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Bayhem: Transformers 4, Age of Extinction - Elf M. Sternberg
Bayhem: Transformers 4, Age of Extinction
In the very first Transformers movie, Steven Spielberg kept Michael Bay on a very short leash. The result was a film that, while still full of Bayhem, was at least coherent. In the second film, all the jokes that Bay wasn't allowed on the first came to full fore: robot fart jokes, robot scrotum jokes, an incoherent plotline that involved going to the ends of the Earth, and truly stupid villains. Stung by the poor reviews, the third film was better: Bay kept it reined in and delivered a workmanlike product.

One of the most brutal criticism of the second film involved its visual incoherence in the small. Battles became nothing more than scrambles of chrome and color on the screen, making little sense to the viewer. In the third film, Bay figured out a visual vocabulary for fight scenes that let the viewer understand who was punching whom, and why. It involved a lot of ramping, which Bay was already famous for, but it also involved a lot of heavy artistry about color choices, camera position, contrasting designs, and the like. It was actually impressive, from an animators' point of view, to watch the third film and see how Bayhem and CGI intermingled into a coherent scene. (Again: in the small. Overall, the plot made zero sense.)

Between the third and fourth film, Zack Snyder filmed Man of Steel, which got amazing reviews for its cinematography. And I have to agree with those reviews: as grim and depressing as the script was, the cinematography was kinda amazing: the viewer never lost track of what was happening, even though Snyder never ramped: everything was in real-time and Snyder's genius was in somehow keeping the viewer both informed and, frankly, a little terrified of being a mere human at the mercy of such extraordinary alien forces.

Bay seems to have taken exactly the wrong messages to heart in Transformers: Age of Extinction. He still does a lot of slow-mo, but his battle scene coherence is gone. Set-pieces of battles are edited together and intermingled in ways that either don't make sense or, worse, deprive the viewer of exactly what he came to see. In the first fight scene between Optimus and Megatron (it's no spoiler to say there is one!) they're both trucks (don't ask) hurtling toward each other at full speed. The viewer, informed by the last three movies and all the cartoons and every other movie of its kind, knows what happens next: Optimus and Megatron transform at the last moment, leaping upon each other in a sparks-flying, ear-shattering clash.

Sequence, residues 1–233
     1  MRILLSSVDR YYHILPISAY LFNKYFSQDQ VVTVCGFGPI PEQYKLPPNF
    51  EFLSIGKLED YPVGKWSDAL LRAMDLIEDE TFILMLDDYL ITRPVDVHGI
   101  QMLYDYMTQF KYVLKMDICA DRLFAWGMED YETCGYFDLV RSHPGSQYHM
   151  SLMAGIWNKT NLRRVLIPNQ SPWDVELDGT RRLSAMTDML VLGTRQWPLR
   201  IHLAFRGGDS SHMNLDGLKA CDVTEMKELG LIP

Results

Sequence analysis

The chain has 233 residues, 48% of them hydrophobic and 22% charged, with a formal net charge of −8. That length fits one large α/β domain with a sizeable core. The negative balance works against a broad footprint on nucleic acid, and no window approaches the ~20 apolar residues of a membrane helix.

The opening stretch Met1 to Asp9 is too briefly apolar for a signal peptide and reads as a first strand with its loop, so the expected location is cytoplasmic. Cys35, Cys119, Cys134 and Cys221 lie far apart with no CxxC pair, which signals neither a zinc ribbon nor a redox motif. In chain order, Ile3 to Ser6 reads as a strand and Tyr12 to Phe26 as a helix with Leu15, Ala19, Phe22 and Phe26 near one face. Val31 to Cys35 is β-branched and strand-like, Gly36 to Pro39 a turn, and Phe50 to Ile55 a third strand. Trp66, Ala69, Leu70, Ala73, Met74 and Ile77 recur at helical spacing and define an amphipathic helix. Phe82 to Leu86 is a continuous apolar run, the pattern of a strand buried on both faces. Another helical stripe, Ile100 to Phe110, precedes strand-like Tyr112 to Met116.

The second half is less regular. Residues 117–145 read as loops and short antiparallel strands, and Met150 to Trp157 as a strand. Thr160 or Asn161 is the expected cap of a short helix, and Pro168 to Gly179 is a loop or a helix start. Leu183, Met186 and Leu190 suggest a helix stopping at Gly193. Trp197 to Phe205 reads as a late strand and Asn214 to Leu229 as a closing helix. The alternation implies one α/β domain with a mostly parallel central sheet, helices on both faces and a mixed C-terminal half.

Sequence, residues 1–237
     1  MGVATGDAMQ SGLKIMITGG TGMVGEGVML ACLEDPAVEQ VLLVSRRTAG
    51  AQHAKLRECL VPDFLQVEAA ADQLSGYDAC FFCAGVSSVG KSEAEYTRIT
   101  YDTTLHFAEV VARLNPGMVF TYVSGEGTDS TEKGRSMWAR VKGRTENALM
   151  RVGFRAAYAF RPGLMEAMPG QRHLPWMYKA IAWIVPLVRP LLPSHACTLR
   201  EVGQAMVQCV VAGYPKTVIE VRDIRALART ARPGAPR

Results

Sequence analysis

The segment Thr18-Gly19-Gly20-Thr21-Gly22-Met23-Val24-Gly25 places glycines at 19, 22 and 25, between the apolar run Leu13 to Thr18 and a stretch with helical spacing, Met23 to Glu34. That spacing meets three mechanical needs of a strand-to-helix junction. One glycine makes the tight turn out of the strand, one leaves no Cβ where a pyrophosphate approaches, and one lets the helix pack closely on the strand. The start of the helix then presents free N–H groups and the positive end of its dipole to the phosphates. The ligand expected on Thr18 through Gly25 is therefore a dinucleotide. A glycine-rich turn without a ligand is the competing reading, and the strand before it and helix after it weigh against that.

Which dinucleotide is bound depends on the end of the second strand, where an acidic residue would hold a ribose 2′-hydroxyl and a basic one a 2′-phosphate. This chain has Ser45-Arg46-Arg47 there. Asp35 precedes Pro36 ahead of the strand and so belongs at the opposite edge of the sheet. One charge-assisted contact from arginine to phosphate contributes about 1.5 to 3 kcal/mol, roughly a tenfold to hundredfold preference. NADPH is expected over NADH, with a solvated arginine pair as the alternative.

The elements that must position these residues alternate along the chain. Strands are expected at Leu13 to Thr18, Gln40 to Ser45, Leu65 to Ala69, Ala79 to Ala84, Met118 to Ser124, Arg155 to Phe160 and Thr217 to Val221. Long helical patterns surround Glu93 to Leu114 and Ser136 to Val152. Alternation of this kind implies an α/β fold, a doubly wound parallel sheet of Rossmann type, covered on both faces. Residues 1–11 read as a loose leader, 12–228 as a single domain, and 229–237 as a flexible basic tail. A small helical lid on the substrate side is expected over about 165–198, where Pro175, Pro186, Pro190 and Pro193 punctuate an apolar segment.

Except... they don't. At that very moment you expect the transformation to begin, the camera cuts away to the humans trapped in a car near the battle. Mark Wahlberg and the two teenagers trapped with him are screaming about getting out of the car, getting into the car, something. You hear the clash in the distance. The next cut is a helicopter shot of them running away while at the top of the screen you see Optimus and Megatron slugging it out.

This happens again and again. The huge clashes, the big sparks, are tossed aside in order to close in on Wahlberg and whoever is with him, to show how much danger they're in being involved with these enormous robot things. It's not an accident. It's Bay's new thing.

The Transformers movies are porn films. A tissue of a plot unites a series of battle scenes. Nobody interrupts a porn film to turn the camera on the cat licking itself. Nobody ever went to the first three films to watch Shia La Beouf, and nobody's going to the rest to watch Marky Mark. Transformers 4 marks a failure in the franchise, and I hope whoever takes over for the next one (and yes, there will be a fifth, since it's made over $1bn on $210mn production costs) learns from Bay's mistakes and gives the audience what it wants: hot robot-on-robot action.

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Current Mood: annoyed annoyed

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